After Briefly Evading Authorities, N.C. Woman Filmed Threatening Two Black Women Turns Herself Into Police

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A North Carolina woman who reportedly skipped town after she was filmed threatening two African-American women in a parking lot has turned herself into police, WCNC reported.

Susan Westwood, 51, handed herself over to authorities in Sunset Beach, N.C., on Saturday and was served with four criminal summons for simple assault and communicating threats, along with an outstanding misdemeanor warrant for the misuse of the 911 system, according to Charlotte-Mecklenburg Police.

Susan Westwood
Susan Westwood was booked into the Brunswick County Sheriff’s Department, where her bond was set at $500. (Image courtesy of ABC News)

She was taken to the Brunswick County Sheriff’s Department, where her bail was set at $500. She was later released.

In a video filmed Oct. 19, Westwood is seen harassing sisters Leisa Meria Garris, 52, and Mary Michelle Garris, 49, as they await AAA car service in the parking lot of the Camden Fairview Apartments in Charlotte. The sisters said they dialed 911 when Westwood became belligerent and assaulted them.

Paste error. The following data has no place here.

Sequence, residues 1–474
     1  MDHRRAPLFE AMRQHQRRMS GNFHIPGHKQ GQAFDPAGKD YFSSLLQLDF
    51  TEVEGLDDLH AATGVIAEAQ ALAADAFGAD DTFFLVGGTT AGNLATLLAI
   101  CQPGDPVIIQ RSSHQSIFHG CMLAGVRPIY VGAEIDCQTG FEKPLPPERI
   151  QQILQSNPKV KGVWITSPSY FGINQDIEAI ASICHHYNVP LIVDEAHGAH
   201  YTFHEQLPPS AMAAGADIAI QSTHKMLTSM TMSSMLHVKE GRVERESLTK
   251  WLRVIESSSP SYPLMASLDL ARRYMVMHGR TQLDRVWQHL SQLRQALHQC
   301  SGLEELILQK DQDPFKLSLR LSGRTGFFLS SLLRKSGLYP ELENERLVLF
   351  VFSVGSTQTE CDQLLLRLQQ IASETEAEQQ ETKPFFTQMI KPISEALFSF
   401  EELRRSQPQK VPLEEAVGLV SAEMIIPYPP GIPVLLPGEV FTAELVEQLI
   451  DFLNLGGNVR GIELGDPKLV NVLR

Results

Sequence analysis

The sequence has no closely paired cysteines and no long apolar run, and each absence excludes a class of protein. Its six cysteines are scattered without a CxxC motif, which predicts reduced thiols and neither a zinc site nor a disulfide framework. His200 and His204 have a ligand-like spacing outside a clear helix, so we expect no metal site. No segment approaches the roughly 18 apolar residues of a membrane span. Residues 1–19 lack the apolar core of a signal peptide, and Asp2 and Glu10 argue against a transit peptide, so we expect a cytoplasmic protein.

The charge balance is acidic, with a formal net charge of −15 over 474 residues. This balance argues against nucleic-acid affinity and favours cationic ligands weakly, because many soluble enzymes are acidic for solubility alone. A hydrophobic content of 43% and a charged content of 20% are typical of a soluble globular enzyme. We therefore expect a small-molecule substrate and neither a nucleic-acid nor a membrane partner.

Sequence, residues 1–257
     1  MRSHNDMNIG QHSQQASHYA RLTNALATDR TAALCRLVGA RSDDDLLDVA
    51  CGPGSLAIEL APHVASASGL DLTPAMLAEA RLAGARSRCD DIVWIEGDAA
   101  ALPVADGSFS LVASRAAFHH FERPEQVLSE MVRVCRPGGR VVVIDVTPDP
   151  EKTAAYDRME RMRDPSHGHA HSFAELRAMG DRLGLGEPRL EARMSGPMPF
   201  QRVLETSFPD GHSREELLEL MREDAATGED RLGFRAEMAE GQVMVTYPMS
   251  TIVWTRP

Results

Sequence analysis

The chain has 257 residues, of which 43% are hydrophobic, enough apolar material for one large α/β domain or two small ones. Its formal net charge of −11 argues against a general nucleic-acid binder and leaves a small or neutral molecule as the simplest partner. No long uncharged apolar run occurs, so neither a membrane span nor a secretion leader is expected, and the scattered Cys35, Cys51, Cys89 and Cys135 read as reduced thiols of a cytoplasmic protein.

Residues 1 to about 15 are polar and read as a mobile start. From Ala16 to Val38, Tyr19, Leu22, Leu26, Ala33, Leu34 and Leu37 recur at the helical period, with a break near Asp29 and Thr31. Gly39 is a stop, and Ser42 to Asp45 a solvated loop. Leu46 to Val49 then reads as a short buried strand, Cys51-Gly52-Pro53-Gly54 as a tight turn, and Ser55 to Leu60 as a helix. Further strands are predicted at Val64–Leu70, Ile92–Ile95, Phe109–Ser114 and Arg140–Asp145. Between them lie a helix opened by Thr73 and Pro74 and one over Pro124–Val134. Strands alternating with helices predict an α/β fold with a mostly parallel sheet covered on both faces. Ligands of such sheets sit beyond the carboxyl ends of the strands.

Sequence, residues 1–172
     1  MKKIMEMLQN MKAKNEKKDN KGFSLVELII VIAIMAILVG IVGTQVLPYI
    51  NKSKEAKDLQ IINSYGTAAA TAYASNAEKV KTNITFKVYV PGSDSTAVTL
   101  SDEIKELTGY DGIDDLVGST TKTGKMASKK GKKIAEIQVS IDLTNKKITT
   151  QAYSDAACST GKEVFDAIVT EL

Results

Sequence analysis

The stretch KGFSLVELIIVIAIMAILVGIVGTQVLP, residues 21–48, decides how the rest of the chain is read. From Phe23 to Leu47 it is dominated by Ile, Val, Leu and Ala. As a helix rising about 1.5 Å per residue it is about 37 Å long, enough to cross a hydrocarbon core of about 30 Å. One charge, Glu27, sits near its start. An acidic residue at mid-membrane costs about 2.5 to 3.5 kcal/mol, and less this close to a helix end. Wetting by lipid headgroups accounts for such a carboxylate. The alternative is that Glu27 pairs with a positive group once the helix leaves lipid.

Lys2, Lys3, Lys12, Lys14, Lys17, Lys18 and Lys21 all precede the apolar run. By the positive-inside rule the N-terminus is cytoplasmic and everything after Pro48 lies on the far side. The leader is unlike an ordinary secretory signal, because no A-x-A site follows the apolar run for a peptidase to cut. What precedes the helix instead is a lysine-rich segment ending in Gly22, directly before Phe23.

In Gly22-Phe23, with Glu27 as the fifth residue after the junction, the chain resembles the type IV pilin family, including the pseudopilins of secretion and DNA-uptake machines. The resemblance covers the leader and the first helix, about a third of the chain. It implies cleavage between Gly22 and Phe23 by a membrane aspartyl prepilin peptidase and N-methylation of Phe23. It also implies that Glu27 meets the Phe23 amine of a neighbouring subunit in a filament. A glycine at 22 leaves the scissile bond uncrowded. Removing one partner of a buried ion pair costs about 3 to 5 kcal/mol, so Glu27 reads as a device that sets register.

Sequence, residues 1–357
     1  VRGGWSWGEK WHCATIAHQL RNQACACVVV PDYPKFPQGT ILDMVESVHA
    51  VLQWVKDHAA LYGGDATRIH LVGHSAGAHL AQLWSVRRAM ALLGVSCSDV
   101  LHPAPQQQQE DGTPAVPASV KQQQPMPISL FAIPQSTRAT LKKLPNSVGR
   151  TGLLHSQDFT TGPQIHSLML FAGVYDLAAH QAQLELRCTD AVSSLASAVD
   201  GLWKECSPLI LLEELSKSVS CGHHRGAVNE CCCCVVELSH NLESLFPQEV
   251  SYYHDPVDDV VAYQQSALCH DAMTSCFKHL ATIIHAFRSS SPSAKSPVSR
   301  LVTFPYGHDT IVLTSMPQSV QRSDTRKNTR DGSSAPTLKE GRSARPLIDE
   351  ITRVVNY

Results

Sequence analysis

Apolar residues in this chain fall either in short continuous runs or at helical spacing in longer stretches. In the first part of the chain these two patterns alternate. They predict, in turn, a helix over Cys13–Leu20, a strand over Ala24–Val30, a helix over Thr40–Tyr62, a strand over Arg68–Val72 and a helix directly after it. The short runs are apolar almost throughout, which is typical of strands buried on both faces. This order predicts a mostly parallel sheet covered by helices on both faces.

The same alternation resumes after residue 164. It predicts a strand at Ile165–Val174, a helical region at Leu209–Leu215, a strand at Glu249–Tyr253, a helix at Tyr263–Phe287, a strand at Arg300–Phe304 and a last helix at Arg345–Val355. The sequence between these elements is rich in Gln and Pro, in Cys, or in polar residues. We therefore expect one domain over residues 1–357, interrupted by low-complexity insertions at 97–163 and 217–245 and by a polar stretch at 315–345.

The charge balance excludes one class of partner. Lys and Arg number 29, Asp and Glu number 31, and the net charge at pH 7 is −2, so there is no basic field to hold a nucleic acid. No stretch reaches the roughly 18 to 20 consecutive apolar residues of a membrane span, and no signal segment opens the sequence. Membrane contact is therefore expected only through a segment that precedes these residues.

“I wanna make sure there’s nothing going on,” Westwood says, getting up in the women’s faces and threatening to “bring out my concealed weapon.” “Is your boyfriend here. Is your baby daddy here? Nobody cares, I’m white and I’m hot … You’re hanging around in a place you don’t belong.”

She proceeds to brag about her $125,000 salary and demands to know if the women live there. It wasn’t long before Westwood’s former employer, Spectrum Enterprises, caught wind of the video, however, and fired her.

“The incident recorded in Charlotte is a blatant violation of Charter’s code of conduct and clearly disregards the company’s commitment to inclusion and respectful behavior,” the company wrote. “As such, Ms. Westwood’s employment with the company has been terminated, effective immediately.”

The Charlotte woman was wanted by police following the incident, during which she called 911 and falsely accused the Garris sisters of trying to break into nearby apartments. Authorities couldn’t locate her, however, and were unable to serve the summons.

“It’s just really strange,” Westwood told the 911 dispatcher. “If you want to know my personal opinion, there’s no car broken down. Nobody breaks their car down in the best part of society. … Nobody breaks their car down here unless they are looking for money.”

Mary Garris said the ordeal has been nothing short of “eye-opening.”

“We want to bring justice,” Garris told ABC News, adding Westwood should face charges. “We want to bring awareness to the community. People are being judged for the color of their skin.

“This happened only because we were standing out and waiting for AAA,” she added. “This is alarming and upsetting.”

Michael Phillips, an attorney hired to represent the Garris sisters, told local station WBTV the apartment complex’s management has since agreed to evict Westwood.

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